7 Coin Collecting Myths That Could Mislead New Collector

The history and culture of coin collecting, or numismatics, are interesting. As with every pastime, it has myths and misconceptions that might mislead newbies. Seven typical coin-collecting myths  

Age impacts coin value, but not alone. Rarity, condition, demand, and historical significance matter. Mistakes or limited mintages can make modern coins rarer and more expensive.  

Old coins are always worth more.  

Value isn't guaranteed by rarity. Collector demand determines coin value. Rare coins with minimal appeal or historical relevance may be valued less.  

All uncommon coins are valuable. 

Cleaning coins with harsh chemicals or abrasion devalues them. Collectors appreciate "uncleaned." coins. Coin patina may be damaged by cleaning, diminishing collectibility.  

Clean coins are worthier.  

Professional coin graders employ criteria to evaluate coins despite subjectivity. Assessments include wear, lustre, strike quality, and surface preservation. Professional PCGS and NGC numismatists follow tight requirements.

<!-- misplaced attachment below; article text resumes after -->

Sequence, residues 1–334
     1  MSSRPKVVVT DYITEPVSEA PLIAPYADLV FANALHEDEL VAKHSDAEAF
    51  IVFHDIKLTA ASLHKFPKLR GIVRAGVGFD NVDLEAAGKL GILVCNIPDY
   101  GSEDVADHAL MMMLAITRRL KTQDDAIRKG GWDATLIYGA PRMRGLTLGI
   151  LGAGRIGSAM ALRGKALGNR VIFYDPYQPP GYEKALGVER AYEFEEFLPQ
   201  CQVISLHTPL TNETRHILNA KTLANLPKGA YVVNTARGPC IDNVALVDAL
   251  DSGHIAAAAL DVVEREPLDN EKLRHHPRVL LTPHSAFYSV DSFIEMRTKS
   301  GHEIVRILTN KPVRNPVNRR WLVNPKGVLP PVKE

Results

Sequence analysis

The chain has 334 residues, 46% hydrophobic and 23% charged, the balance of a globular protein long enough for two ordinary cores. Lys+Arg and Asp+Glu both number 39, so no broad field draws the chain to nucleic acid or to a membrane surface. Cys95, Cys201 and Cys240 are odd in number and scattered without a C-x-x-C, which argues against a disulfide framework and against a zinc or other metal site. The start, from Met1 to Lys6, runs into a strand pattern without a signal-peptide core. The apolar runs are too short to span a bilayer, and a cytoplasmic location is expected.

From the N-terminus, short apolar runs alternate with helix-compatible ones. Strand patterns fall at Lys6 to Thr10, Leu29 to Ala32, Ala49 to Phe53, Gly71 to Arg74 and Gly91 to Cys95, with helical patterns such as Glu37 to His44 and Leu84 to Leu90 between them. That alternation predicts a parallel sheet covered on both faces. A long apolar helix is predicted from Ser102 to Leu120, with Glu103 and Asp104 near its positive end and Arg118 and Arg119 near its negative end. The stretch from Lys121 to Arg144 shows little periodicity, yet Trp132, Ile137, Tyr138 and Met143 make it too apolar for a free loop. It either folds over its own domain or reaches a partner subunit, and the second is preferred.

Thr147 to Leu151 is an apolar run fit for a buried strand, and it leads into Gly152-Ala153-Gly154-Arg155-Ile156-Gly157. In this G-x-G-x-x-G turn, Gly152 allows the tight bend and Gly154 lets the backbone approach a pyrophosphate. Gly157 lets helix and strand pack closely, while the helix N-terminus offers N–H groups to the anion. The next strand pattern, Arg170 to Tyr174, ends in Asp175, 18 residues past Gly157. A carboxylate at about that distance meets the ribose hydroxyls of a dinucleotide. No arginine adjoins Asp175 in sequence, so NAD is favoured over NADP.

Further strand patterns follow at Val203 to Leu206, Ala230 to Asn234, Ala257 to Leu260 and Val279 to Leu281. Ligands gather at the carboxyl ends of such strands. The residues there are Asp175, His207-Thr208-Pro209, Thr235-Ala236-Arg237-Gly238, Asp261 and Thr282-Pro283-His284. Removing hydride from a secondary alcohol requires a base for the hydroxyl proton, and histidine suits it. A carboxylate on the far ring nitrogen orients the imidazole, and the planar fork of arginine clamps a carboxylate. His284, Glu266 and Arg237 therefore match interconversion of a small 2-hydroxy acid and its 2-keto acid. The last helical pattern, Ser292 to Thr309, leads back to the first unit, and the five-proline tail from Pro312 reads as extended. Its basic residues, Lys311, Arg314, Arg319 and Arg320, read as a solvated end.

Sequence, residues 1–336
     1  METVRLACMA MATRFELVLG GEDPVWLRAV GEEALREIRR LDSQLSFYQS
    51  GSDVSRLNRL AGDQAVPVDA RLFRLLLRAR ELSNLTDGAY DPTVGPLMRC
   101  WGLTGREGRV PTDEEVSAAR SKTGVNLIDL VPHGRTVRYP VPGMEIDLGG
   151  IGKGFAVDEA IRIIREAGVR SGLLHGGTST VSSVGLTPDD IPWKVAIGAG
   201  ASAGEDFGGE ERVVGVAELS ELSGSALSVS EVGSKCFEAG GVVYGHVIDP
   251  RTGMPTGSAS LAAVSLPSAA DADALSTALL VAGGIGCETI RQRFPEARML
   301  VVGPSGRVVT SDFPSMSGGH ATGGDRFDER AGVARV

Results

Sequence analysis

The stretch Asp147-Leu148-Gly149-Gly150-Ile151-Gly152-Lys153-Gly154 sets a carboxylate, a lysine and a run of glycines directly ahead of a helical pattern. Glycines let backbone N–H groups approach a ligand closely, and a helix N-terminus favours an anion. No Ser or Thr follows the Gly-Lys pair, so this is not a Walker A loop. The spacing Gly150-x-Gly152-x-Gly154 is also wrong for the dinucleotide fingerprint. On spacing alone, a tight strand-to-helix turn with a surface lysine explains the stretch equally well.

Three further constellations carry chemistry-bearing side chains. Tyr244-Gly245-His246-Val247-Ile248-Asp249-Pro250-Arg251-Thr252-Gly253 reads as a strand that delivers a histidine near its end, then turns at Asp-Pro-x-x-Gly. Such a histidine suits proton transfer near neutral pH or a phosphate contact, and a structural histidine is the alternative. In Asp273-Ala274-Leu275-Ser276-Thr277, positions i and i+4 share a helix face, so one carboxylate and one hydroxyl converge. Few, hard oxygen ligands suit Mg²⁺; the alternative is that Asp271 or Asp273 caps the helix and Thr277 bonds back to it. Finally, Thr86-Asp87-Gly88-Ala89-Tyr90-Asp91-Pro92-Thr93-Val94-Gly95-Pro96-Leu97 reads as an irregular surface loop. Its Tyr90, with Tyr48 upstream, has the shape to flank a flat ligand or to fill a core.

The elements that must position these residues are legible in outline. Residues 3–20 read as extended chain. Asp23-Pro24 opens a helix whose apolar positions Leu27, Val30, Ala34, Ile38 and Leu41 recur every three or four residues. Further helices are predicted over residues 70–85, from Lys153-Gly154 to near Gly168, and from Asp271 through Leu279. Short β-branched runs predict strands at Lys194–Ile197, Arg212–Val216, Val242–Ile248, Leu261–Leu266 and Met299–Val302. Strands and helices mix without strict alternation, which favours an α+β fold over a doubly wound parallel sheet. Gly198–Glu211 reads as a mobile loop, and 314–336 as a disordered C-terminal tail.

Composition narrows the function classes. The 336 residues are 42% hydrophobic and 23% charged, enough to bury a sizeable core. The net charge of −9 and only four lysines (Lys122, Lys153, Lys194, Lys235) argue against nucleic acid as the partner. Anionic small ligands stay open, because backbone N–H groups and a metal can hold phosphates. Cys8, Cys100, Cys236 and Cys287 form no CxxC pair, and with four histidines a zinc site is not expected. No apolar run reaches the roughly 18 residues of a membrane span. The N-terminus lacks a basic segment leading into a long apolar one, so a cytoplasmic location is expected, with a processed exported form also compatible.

Coin grading is subjective.  

The pastime of coin collecting is not an investment, yet some coins appreciate. Economics, collector preferences, and market conditions determine coin values. Research and collect coins you enjoy, not profit.  

Coin investing pays always.  

Some mint mistakes boost coin value, whereas collectors prefer others. Minor faults may not increase coin value, but double and off-center strikes do. Error coins are rare and collectable.  

Every imperfection values coins.

Coin collecting can be cheap. Million-dollar rarities to cheap circulating coins. Within their budget, collectors may specialise by theme, time, or denomination. Coin shows and clubs offer cheap buying, selling, and trading.  

Coin collection is costly.  


6 RARE Bicentennial Quarter Worth Nearly around buying a YAMAHA R1